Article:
It follows from the previous chapters that the current policies regarding normal migrants are untenable from a legal perspective because they constitute a form of exclusion without justifi cation. The legal analyses showed that if the authorities deny a normal migrant admission they have a duty to justify the exclusion vis-àvis the excluded migrant. But the claim of this book goes one step further than the duty to justify. It also demands a shift in the fi rst burden of justifi cation. The default position or starting point should be that when authorities deny a normal migrant admission, they should carry the fi rst burden of justifying the exclusion. Only when the authorities came up with a serious justifi cation as defi ned in Chapter 1 (i.e. substantiated by facts and verifi able analyses; balancing the reasons applicable to the normal migrant), is it up to the normal migrant to argue his case for admission. So authorities not only have a duty to justify, they also carry the fi rst burden of justifi cation. While the legal analyses in the previous chapters can account for the former, it cannot explain the latter. The law is all about fi xing the default position, burden of justifi cation and burden of proof. Probably the quintessential characteristic of the law is that it organizes these ‘normal starting points’. However, when it comes to the reasons for fi xing a particular default position in a specifi c way, the law has little to say. Not so much the logic or structure of the law informs the particular default positions laid down in the law. Rather, it seems that predominantly non-legal considerations constitute the ratio behind the default positions. 1 And next to economics and demography, one of the most relevant non-legal considerations in the fi eld of immigration is political theory. In fact over the last decades migration has carved out a place of its own in political theory, i.e. the ethics of migration. This chapter explores how ethics of migration and particularly the different strands of liberalism may help us fi x a new default position in migration policy. To be sure, the debate in political theory is not framed in terms of default position or the fi rst burden of justifi cation. It seems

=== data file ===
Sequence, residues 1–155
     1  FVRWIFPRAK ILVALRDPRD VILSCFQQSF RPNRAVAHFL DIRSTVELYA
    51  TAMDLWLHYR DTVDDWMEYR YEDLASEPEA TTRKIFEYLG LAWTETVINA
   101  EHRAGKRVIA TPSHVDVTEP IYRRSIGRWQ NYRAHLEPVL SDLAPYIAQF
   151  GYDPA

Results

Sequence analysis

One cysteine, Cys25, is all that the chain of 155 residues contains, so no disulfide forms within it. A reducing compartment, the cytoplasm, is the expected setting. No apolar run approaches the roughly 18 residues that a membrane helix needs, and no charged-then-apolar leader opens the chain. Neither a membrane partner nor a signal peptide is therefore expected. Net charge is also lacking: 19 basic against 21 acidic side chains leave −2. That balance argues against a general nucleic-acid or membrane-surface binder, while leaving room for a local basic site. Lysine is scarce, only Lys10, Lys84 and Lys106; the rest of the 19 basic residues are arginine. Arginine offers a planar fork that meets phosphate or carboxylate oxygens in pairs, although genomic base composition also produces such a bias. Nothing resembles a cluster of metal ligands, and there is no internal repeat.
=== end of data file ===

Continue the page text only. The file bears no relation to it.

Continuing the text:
that the debate is more about arguments in favor or against a particular immigration policy, e.g. should we have (more) open or closed borders? Looming in the background of the discussion is the issue whether states have a right to control migration in the fi rst place. This chapter uses the arguments from the ethics of migration not only to answer these questions, but also as reasons for shifting the burden of justifi cation from the migrant to the migration authorities.